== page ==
Getting a dog is a big decision. Well, really it’s several medium decisions. What breed do you want? What size can you manage? What 90s wrestler should you name them after? But often before all that, you need to decide if you want to adopt a purebred, cross-bred, or mixed dog.
Each options has a lot of pros, as well as a lot of vocal and passionate advocates. Seriously, try posting this question in a dog Facebook group and watch the comments explode. But there are factors to help inform your decision.
First a Background on Dog Breeds
Humans have bred dogs to be the most varied animal species on the planet. It’s estimated that there are more than 400 recognised breeds in the world. Dogs were the first animals we domesticated, and we’ve been changing and tinkering with them for thousands of years. Just think, isn’t it crazy that Chihuahuas and Great Danes are related? And that they’re both descended from the same wolf-like ancestor.
But despite our long and shared history, most of the breeds we know today were created in the last 200 years. Breeds are created when a number of dogs with the same characteristics reproduce true to type for multiple generations. To be “official”–aka considered fixed–a breed needs to be recognised and described by a National Kennel Club. Over the decades, breeds cycle in and out of style, and even go extinct.
When talking about breeds, this is probably what you imagine. To be considered a purebred, both parents need to be pure bred themselves. This closed genetic pool has benefits and drawbacks.
The dogs of a breed will look very similar in size, shape, and colour. As well as sharing temperament traits and behaviours. This means you know what you are getting. A good breeder will know about the health issues of the breed and use tools like genetic testing to try and counter the typical health faults. Although they’re are constrained to only using purebred parents and conforming to the breed standard.
Even with careful breeding, many breeds still have considerably hereditary issues. Pugs and Frenchies have breathing issues, Bernese mountain dogs experience double the cancer rate of dogs in general; and labradors are prone to obesity. Research out of the US estimates that 25% of purebreds have serious genetic diseases. While Danish research shows that purebred live on average one to two years less than mixed.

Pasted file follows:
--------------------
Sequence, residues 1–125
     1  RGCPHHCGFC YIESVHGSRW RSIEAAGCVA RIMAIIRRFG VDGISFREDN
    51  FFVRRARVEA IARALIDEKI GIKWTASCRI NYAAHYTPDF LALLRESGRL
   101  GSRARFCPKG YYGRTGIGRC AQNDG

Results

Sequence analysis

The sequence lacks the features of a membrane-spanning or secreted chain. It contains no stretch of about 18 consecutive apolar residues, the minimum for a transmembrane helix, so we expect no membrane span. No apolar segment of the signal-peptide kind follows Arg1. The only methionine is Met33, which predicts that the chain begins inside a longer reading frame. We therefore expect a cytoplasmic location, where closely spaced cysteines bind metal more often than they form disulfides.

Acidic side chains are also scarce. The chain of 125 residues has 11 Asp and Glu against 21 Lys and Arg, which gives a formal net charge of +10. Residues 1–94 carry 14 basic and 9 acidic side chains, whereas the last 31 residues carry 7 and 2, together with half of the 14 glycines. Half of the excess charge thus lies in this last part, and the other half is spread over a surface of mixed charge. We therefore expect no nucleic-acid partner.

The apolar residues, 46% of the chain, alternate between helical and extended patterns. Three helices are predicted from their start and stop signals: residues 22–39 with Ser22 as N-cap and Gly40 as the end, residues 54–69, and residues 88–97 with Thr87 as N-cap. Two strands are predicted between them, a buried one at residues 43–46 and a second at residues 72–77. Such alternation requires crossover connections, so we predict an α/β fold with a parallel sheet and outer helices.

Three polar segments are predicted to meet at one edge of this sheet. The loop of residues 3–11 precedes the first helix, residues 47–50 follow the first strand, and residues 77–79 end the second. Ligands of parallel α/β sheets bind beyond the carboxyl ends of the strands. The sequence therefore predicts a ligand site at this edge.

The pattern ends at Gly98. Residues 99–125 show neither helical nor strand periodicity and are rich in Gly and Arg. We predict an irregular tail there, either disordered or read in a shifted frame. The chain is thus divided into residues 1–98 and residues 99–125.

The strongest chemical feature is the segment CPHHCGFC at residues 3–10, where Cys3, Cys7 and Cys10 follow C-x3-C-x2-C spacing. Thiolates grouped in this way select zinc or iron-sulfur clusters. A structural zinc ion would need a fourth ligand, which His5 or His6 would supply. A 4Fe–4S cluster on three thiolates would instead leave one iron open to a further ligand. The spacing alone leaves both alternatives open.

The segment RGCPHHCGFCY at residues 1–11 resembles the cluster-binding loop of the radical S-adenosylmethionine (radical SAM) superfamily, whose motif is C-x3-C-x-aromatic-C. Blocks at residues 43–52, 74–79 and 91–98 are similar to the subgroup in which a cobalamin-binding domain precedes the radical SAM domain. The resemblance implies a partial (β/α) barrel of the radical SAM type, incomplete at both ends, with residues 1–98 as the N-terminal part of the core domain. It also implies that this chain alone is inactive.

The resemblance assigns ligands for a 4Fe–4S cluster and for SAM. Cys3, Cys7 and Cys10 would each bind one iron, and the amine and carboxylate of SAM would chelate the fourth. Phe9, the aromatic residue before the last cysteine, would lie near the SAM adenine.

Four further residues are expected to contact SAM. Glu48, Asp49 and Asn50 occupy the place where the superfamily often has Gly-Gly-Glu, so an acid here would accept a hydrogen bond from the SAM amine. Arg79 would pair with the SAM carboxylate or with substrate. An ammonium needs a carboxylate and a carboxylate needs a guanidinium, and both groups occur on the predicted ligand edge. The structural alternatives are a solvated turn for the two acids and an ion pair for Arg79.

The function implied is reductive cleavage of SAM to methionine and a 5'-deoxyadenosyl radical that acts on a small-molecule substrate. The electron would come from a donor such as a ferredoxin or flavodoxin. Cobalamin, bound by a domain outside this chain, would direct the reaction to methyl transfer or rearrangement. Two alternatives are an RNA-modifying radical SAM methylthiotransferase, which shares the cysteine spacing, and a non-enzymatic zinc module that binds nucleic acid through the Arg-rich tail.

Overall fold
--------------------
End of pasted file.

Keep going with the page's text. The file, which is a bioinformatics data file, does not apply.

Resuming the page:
They’re also a more expensive option, ranging in price from $1000 to $3000 depending on supply and demand. Although it’s not unheard of for popular dogs like French bulldogs to cost up to $10,000.
Cross-breds refer to the intentional crossing of two different purebreds. In recent years they’ve become increasingly popular and are now often called “designer” breeds. Breakout cross-bred stars include poodle crosses like the moodle/maltipoo (poodle x Maltese) who are popular for their lack of shedding and crazy levels of cuteness.
Designer breeds are often marketed as bringing together the best parts of different breeds, while cutting out weaknesses. For examples puggles (pug x beagles) often have less breathing issues than pugs and the confidence of beagles.
They’re generally healthier than purebreds because their genetic pool is larger. Because of that you can also expect more variation between puppies in the same litter. This does reduce the consistency of personality and physical traits you expect in purebreds though. A cross, sorry designer, breed will set you back between $1000 and $3000.
Mixed-breeds are everything else! Mongrel, mutt, pavement special–choose your term of endearment. While they don’t get the best names, on average they are healthier and live longer.
Not knowing the parents does mean they can be a bit of a lucky dip as puppies–it’s hard to tell how big they’ll be, how much they’ll shed, or what behaviours and temperament to expect. A good rescue centre (which is where they usually are adopted from) can often take a good guess by looking at them, and DNA testing can provide further information. Although, the mystery can be exciting. It’s important to choose a good rescue centre as they will do health and behaviour screening before allowing adoption. They may also foster dogs out to let you get to understand them first.
Rescues start at around $400 and generally top out at around $600.
Genetics Are Not Everything
No matter what you choose, one thing unites all options: the importance of choosing a good breeder or rescue. They’ll help you choose the right dog for you, and navigate any of the challenges that might come up. But overall, remember, genetics will only get you so far. All dogs need love, care, attention, training, time, nourishing food, and security to grow into their best selves.
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